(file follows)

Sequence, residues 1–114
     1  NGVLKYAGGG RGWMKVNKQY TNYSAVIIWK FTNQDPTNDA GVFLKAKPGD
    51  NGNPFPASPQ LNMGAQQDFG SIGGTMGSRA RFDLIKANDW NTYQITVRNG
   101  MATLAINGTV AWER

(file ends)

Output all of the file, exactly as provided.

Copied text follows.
Sequence, residues 1–114
     1  NGVLKYAGGG RGWMKVNKQY TNYSAVIIWK FTNQDPTNDA GVFLKAKPGD
    51  NGNPFPASPQ LNMGAQQDFG SIGGTMGSRA RFDLIKANDW NTYQITVRNG
   101  MATLAINGTV AWER